TEST 1 AVERAGE: 2,343,750

TEST 2 AVERAGE: 1,406,250

EDIT:

...with list.Add( i.ToString() );

TEST 1 AVERAGE: 20,312,500

TEST 2 AVERAGE: 1,093,750 (<-- BTW, this shows that these benchmarks are not very accurate)

...with String s = i.ToString();

TEST 1 AVERAGE: 14,531,250

TEST 2 AVERAGE: 1,406,250

...with String s = i.ToString( System.Globalization.CultureInfo.InvariantCulture );

TEST 1 AVERAGE: 13,906,250

TEST 2 AVERAGE: 1,406,250

share|improve this answer
    
So, it appears that the slowness is for the most part due to "String: " + i;, that is, due to boxing an int, converting it to string, and concatenating it with an interned string. –  Mike Nakis Dec 31 '11 at 19:41
    
Which brings to mind one interesting question: what about internationalization? Could it be that in DotNet the conversion of an int to string has to consult locale conventions, while in Java things happen a lot more straightforward? –  Mike Nakis Dec 31 '11 at 19:42
3  
I too tried this without appending an integer to the string and the results went from 5x to 2x slower (19 .. something compared to Java's) on Test1. Makes me wonder if the other bottleneck is Java's primitives against .NET structs which inherit from Object. –  Dante Dec 31 '11 at 19:44
    
update: the new results show that the slowness is for the most part due to i.ToString(). I wonder what on earth DotNet does that makes this so slow. –  Mike Nakis Dec 31 '11 at 20:27
    
@MikeNakis: the int never gets boxed in that code. And the slowness of i.ToString() could involve it being interned. –  qes Dec 31 '11 at 22:38

Is this strictly behind list implementations?

There are several things which are affecting the performance of those tests.

  • One is the fact that you are using DateTime. It's not intended to measure performance, and I suppose it's really slow when it comes to profiling. Since you are using it inside the loop, it makes the whole loop slower.

  • The second one is that you are adding elements through a loop to an empty list. When you are adding an element and there is no enough place, the list must expand in size. It costs resources.

If yes, is there something to make list insertion faster on .NET side?

Here is the same code with some refactoring. The most important change is that instead of creating an empty list, then adding the elements one by one, the list is created directly with all the elements inside.

Sadly, I see only 10 to 15% improvement in performance, which is still way beyond the same code running in Java. I continue to search why there is such a huge difference, but don't have a solution yet.

namespace Delme__benchmark_
{
    using System;
    using System.Collections.Generic;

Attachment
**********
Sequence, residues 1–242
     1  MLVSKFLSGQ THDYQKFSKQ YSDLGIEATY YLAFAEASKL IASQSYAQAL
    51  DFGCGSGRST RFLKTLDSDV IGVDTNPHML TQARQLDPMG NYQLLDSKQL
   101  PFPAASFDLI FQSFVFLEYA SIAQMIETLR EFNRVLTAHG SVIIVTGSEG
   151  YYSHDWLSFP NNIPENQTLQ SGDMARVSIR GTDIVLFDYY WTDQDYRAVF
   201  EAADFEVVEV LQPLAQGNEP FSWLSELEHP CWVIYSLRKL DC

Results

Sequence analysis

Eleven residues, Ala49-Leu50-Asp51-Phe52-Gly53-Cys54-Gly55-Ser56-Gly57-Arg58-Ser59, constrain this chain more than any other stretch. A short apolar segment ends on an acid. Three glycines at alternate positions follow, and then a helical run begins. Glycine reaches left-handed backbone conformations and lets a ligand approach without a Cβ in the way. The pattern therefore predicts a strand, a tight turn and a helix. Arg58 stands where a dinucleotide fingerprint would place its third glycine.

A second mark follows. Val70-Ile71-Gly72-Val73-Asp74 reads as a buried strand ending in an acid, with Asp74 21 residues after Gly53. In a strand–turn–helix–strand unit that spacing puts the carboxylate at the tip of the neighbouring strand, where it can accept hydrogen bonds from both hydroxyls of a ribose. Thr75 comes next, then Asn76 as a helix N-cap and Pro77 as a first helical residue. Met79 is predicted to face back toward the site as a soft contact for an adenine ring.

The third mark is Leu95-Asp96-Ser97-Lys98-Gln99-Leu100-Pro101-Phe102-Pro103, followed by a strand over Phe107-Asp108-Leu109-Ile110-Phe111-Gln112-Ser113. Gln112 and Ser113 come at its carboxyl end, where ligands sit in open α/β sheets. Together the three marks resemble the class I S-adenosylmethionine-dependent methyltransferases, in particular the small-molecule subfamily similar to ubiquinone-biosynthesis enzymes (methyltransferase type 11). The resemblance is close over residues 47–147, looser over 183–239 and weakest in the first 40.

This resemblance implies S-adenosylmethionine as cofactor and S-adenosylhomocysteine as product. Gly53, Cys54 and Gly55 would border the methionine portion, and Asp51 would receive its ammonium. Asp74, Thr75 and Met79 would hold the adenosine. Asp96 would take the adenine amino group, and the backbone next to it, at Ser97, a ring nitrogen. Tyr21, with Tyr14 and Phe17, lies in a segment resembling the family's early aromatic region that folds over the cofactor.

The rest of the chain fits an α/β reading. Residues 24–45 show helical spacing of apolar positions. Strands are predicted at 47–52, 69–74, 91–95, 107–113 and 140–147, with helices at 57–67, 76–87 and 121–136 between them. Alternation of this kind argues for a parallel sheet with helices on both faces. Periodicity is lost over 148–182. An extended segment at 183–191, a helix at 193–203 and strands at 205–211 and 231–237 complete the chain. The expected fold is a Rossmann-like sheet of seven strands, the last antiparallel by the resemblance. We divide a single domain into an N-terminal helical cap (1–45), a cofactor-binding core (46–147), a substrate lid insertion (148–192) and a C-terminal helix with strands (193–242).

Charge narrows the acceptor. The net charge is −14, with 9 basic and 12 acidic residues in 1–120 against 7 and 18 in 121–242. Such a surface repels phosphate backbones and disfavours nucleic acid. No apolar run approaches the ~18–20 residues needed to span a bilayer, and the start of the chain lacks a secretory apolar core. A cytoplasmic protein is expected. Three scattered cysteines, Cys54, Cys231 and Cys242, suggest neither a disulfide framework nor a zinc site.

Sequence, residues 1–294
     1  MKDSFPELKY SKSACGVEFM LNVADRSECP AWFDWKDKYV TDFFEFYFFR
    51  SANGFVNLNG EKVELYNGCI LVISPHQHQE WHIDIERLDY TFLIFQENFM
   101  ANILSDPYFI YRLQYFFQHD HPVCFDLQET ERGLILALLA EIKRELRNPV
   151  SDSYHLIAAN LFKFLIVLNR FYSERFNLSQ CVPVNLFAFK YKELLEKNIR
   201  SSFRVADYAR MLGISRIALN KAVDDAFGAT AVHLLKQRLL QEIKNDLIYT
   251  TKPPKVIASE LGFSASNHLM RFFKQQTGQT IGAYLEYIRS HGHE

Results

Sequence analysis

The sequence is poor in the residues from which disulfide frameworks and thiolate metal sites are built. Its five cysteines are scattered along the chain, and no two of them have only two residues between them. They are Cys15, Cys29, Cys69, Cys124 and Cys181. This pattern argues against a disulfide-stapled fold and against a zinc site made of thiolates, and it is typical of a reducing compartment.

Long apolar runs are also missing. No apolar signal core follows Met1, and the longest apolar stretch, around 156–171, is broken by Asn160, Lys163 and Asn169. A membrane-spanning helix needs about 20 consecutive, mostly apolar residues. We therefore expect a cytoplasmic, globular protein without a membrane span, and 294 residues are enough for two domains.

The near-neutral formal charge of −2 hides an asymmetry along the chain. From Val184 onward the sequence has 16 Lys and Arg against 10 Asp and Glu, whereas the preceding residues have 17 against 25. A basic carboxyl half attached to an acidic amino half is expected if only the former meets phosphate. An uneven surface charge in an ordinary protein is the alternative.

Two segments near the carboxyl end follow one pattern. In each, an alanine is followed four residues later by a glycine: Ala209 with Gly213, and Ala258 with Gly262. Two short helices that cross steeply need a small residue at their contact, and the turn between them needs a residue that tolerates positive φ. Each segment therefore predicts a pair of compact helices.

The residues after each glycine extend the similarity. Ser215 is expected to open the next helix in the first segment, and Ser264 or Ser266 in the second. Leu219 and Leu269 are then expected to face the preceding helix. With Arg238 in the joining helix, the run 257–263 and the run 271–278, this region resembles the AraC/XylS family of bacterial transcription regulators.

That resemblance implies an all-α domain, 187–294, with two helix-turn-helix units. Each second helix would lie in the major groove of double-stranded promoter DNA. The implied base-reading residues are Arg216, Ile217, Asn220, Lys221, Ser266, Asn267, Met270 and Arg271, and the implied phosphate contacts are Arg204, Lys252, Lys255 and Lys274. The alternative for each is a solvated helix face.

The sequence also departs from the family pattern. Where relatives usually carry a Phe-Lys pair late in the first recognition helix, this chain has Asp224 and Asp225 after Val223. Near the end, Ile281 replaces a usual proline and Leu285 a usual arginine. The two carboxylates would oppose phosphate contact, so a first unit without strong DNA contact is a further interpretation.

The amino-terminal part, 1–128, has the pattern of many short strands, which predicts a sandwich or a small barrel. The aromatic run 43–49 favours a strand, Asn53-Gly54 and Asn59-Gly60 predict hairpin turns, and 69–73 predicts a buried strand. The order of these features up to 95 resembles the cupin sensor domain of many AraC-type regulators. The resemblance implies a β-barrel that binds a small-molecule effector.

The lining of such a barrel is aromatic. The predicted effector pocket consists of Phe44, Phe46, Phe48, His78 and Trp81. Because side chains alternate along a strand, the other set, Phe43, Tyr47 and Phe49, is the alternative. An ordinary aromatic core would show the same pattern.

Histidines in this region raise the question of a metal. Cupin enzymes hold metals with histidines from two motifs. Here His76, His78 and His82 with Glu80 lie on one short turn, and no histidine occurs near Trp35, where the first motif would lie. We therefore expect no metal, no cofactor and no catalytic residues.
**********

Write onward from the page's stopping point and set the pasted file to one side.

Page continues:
using System.Diagnostics;
    using System.Linq;

    public class Program
    {
        public static void Main()
        {
            Trace.Listeners.Add(new TextWriterTraceListener(Console.Out));

            int countSamples = 100;

            var samples = Enumerable.Range(0, countSamples).ToList();
            var list = Enumerable
                .Range(0, 100000)
                .Select(c => string.Concat("String: ", c)).ToList();

            Trace.WriteLine("Running the benchmark...");
            Trace.WriteLine(string.Format(
                "Test 1 average: {0}.",
                samples.Average(c => RunTest1())));
            Trace.WriteLine(string.Format(
                "Test 2 average: {0}.",
                samples.Average(c => RunTest2(list))));
        }

        private static long RunTest1()
        {
            Stopwatch time = Stopwatch.StartNew();

            var list = Enumerable
                .Range(0, 100000)
                .Select(c => string.Concat("String: ", c)).ToList();

            time.Stop();
            return time.ElapsedTicks;
        }

        private static long RunTest2(IEnumerable<string> list)
        {
            Stopwatch time = Stopwatch.StartNew();

            foreach (var s in list)
            {
                s.ToString();
            }

            time.Stop();
            return time.ElapsedTicks;
        }
    }
}
share|improve this answer

In short I can't give you the answer as I certainly don't know enough about .NET, but as you can see it's usually not just a simple matter of comparing high-level Java vs C# code...

Disclaimer: There's a whole bunch of stuff I know I'm missing in my ramling below. I'm not a performance / benchmarking expert, but a few of my colleagues play one in real life :-).

It's very hard to compare Apples with Apples between the two platforms. It you really wanted to do it the hard core scientific way, you'd have to do things like:

  • Look at the underlying implementations of the data structures involved
  • See what bytecode both sets of code generated
  • Look at how the respective VMs then in-lined and ran that bytecode

I'll assume you ran both tests on the same hardware and took into account things like:

  • Allowing the VMs to 'warm up'.
  • Having similar VM settings such as GC, memory allocation and other tuning

Oh and what versions of Java and .NET and what parameters are you running the VMs under?

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1  
Compiled against Java 7 and .NET 4.0 client profile. Java parameters are whatever netbeans sets by default. –  Dante Dec 31 '11 at 18:09